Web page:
As the youngest of four, I will forever be the baby. This year on family vacation my mom actually asked, “Does someone have the baby?”
With this in mind, you can imagine my family’s apprehension when I applied to spend a summer in Italy, BY MYSELF.
Dropping me off at the airport was a family event. Even my sister who lives in Orlando was flown into Nashville to see me off. Before waving at me through security, everyone was giving me all sorts of one-liner advice – from the obvious to the comical.
“Don’t walk down alleys at night.”
“Try the pistachio gelato.”
“Bring a deck of cards.”
When I landed in Italy – although bleary eyed and jet lagged – I was ecstatic. There is a surreal feeling that comes over you when you realize you are finally doing something you have always dreamed of doing. My entire trip was in front of me and I couldn’t wait. My summer in Italy was like a dream. Before I left I had virtually no idea what to bring, but luckily I had unpacked my expectations and my fears, which in turn revealed to me a world of possibilities.
When things went wrong, which they often do, I found myself to be a surprisingly competent problem solver. I was able to make every wrong turn and every missed bus (because, yes, I missed several) into a new opportunity; I even said ‘yes’ to things I never would have dreamed of doing that I ended up loving.
One of my favorite experiences was going to an opera at an outdoor theater. As a college student, an opera wasn’t exactly my scene but during the second act there was a meteor shower. Hearing the amazing symphony accompanied by the beauty of the cosmos was a once-in-a-lifetime event I would have missed had I turned down an opportunity based on face value.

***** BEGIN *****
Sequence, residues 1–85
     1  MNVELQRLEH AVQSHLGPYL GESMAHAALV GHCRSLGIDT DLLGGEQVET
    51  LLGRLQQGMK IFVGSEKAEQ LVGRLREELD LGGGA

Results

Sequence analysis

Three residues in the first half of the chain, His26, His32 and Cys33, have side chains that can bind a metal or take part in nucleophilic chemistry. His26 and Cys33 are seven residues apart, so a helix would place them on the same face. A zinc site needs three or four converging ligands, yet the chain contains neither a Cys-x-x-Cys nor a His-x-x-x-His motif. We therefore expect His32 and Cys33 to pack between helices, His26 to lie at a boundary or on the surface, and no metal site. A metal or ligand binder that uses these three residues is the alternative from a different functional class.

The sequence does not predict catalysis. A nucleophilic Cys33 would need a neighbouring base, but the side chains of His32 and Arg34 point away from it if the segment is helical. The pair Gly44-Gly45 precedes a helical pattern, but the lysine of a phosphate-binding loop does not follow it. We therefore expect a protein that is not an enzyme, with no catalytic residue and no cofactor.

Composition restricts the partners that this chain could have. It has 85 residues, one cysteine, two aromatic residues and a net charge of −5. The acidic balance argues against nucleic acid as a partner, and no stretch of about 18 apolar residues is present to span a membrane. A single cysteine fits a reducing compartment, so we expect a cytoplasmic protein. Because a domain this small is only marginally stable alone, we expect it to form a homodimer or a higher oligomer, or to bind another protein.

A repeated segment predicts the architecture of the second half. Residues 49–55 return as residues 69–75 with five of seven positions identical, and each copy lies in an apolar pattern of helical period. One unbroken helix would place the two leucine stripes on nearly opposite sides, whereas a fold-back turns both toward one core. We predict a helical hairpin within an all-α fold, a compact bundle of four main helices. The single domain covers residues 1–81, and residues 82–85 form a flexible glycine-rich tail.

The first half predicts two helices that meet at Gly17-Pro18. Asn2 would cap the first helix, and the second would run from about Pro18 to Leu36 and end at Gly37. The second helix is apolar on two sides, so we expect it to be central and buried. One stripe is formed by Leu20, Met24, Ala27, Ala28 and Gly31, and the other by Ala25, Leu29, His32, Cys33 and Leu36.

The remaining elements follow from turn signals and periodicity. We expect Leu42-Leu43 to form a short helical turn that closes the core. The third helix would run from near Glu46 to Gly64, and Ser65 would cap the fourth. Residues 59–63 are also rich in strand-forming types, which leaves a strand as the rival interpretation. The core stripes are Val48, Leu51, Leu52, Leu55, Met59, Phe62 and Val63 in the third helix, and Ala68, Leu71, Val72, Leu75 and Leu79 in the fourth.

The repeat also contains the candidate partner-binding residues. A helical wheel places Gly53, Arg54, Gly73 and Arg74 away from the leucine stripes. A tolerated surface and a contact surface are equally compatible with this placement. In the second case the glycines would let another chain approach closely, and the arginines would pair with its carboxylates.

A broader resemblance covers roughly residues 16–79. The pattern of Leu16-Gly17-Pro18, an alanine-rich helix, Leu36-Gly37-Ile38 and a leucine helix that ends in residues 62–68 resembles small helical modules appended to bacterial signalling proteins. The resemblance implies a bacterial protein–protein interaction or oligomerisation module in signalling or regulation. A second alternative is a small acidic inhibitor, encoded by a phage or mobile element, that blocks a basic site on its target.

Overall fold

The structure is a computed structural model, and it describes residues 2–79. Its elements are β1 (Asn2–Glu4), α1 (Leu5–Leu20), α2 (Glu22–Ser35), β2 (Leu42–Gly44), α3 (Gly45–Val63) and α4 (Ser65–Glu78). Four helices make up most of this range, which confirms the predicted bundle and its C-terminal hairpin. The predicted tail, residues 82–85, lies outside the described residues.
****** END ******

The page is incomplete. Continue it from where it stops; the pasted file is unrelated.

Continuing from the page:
This trip changed me in unforeseen ways. Although I’m still the girl who left her wallet in a Chipotle the day before she embarked on her first solo trip abroad, I am no longer the one who is phased or nervous before an adventure. Two years ago, I never would have imagined that I would have the opportunity to visit 13 countries, spend over a year outside of the United States before graduating college, or have the luxury of getting to study abroad on four separate occasions.
Actually doing something alone, something entirely for myself, showed me how capable I am and how detrimental self-doubt can be. Before I left I never would’ve believed I could navigate another country by myself, learn another language, or even fly overseas on my own. Now I’m the girl who has spent significant time on two continents.
Before I left I was given some advice, some of it helpful, some of it parental fears. But, here are a few things I wish people would have told me instead:
“You’ve got this.”
“The things you are worried about now are not the things you should be worried about.”
“You WILL make friends.”
The most important thing I would like to leave you with is…
If you can, you should.
Some opportunities are once-in-a-lifetime, so be sure to take advantage of them.